The Cosmological Views of Nernst: an Appraisal
|Title||The Cosmological Views of Nernst: an Appraisal|
|Read in full||Link to paper|
|Author(s)||Peter F Browne|
|Keywords||remembering Walther Nernst, thermodynamics, quantum theory, properties of the ?ther|
|No. of pages||4|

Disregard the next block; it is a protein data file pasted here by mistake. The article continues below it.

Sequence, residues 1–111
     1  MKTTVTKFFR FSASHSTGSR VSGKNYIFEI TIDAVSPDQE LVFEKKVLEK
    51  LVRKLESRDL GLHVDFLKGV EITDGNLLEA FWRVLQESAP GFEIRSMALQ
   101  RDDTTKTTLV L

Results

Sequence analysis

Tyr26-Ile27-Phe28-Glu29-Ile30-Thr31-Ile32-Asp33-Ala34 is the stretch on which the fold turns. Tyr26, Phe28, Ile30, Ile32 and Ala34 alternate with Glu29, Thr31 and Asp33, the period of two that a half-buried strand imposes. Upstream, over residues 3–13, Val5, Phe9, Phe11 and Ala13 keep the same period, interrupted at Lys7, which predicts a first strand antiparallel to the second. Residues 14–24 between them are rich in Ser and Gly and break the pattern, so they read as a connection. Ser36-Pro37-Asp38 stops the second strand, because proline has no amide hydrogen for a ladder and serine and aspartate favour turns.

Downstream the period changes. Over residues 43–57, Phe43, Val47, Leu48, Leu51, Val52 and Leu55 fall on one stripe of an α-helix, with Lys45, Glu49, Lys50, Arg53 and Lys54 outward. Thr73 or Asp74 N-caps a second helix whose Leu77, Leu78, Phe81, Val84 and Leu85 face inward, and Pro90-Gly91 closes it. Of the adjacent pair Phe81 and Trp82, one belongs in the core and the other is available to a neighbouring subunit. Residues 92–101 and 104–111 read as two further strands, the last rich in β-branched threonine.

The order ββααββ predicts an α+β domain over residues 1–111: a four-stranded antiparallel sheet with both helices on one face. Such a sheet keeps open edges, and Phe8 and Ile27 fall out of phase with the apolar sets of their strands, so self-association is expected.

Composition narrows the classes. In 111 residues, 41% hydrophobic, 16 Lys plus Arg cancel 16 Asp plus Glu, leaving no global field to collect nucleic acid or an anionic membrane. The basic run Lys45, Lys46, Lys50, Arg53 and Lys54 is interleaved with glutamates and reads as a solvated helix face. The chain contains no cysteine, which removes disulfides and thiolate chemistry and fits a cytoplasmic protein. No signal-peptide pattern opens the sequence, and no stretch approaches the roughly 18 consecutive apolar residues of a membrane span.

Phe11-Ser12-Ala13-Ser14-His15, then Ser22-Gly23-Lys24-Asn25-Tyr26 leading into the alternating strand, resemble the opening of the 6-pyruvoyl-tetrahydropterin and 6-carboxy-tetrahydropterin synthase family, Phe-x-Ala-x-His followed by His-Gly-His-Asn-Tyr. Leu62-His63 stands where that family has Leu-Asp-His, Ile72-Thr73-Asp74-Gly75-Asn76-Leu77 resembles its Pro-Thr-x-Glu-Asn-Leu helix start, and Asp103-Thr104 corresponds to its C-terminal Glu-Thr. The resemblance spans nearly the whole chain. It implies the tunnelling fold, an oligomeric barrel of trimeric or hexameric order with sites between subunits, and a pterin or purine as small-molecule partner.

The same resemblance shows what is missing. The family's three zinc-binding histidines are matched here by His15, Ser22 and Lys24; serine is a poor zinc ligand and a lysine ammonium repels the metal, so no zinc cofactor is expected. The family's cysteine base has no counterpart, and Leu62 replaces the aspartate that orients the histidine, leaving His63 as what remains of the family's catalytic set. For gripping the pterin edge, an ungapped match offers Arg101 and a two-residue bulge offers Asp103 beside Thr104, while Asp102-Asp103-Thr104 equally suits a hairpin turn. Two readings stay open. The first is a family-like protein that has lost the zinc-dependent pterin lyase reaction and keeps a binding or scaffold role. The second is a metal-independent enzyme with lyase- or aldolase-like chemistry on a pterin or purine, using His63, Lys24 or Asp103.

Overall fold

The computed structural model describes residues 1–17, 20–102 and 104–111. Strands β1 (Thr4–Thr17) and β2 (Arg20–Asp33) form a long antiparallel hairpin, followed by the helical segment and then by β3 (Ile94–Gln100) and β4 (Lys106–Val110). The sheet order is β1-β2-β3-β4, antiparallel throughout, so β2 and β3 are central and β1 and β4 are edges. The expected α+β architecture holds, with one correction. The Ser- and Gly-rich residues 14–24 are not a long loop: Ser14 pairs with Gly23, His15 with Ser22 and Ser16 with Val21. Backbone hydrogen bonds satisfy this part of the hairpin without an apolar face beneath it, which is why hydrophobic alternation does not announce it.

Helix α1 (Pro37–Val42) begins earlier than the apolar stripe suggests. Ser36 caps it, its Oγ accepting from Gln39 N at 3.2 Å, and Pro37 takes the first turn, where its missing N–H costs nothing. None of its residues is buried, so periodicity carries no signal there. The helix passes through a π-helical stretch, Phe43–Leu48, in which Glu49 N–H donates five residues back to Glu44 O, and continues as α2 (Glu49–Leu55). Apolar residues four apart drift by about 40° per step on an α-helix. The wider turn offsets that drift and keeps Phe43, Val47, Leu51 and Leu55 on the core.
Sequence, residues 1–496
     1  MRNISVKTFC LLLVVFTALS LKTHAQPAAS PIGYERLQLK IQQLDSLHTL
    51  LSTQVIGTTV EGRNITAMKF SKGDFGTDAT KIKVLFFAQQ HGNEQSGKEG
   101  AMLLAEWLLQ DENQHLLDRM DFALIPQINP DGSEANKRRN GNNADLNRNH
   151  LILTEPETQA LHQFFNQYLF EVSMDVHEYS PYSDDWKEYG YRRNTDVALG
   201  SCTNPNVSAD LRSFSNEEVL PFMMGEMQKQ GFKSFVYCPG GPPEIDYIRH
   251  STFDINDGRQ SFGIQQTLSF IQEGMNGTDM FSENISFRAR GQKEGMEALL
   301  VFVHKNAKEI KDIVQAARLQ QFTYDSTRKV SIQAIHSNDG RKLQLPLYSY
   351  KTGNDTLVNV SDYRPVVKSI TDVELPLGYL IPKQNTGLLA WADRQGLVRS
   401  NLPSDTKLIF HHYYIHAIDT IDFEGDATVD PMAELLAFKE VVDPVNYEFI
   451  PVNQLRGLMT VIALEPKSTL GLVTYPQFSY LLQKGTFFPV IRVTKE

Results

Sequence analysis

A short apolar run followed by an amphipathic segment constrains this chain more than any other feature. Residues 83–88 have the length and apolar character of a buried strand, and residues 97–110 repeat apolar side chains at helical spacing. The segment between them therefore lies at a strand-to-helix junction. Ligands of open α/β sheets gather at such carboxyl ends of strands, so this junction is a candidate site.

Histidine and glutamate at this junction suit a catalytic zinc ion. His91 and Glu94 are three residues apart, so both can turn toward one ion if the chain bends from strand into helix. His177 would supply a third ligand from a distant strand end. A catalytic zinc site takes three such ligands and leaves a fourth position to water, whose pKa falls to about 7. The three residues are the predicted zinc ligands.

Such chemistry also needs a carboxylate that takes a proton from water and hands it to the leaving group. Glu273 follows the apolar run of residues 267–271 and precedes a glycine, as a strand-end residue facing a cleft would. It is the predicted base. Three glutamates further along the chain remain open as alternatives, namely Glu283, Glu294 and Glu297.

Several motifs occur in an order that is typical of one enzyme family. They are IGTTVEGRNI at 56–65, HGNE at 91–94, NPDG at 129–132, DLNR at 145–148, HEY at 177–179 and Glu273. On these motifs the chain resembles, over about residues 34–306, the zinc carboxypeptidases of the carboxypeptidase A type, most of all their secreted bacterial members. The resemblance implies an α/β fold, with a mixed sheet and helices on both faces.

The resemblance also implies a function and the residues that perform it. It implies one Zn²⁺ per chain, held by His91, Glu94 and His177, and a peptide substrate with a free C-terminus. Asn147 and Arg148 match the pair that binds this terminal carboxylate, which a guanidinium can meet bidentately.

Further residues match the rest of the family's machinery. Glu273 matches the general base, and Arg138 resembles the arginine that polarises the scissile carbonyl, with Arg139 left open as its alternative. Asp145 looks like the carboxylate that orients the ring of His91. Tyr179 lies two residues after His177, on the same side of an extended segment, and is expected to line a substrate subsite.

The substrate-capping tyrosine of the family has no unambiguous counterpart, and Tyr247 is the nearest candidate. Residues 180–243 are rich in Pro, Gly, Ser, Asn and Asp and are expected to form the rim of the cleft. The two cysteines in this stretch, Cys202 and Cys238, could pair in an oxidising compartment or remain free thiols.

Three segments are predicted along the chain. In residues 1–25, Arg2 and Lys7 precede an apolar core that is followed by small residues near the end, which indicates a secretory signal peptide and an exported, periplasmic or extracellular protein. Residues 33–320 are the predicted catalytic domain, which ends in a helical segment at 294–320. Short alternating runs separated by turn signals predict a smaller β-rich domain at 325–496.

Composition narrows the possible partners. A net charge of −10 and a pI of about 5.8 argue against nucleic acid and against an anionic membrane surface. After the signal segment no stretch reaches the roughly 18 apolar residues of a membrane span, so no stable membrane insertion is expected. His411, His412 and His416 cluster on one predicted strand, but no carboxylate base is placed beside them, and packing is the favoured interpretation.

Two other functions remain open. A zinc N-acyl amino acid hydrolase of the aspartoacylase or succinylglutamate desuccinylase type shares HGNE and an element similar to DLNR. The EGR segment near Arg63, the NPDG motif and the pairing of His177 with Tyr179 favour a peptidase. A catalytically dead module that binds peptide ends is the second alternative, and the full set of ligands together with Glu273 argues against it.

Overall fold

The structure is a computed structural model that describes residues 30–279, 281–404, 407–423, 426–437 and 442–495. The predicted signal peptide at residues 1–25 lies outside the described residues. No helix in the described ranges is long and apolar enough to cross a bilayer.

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Walther Nernst is best known for his contributions to thermodynamics, and in particular for the third law of thermodynamics, for which he received the Nobel Prize for Chemistry in 1920. His work at the time when quantum theory was developing rapidly had cosmological implications which he explored in 1937 in a paper which has been overlooked. The cosmological work of Nernst has been brought to my attention by A.K.T. Assis and C.R. Keys because of the similarity of Nernst's ideas with my own ideas, some of which were published in earlier issues of this journal (Browne 1994a,b). Helped by translations of Nernst's papers by Peter Huber and Gabriella Moesle (see other essay in this issue), I review now how the separate lines of thought come together. The character and properties of the aether provide a direct connection between thermodynamics and cosmology. How Nernst's work integrated with the ideas prevalent in the years 1906-1916 is made particularly clear by Whittaker (1951) in his two-volume study A History of the Theories of the aether and Electricity. In the preface to the second volume, Whittaker writes: As everyone knows, the aether played a great part in the physics of the nineteenth century; but, in the first decades of the twentieth century, chiefly as a result of failure to observe the earth's motion relative to the aether, and the acceptance of the principle that such attempts must always fail, the word 'aether' fell out of favour, and it became customary to refer to the interplanetary space as 'vacuous'; the vacuum being conceived as mere emptiness, having no properties except that of propagating electromagnetic waves. But with the development of quantum electrodynamics, the vacuum has come to be regarded as the seat of ?zero-point? fluctuations of electric charge and current, and of a 'polarization' corresponding to a dielectric constant different from unity. It seems absurd to retain the name 'vacuum' for an entity so rich in physical properties, and the historical word 'aether' may fittingly be retained.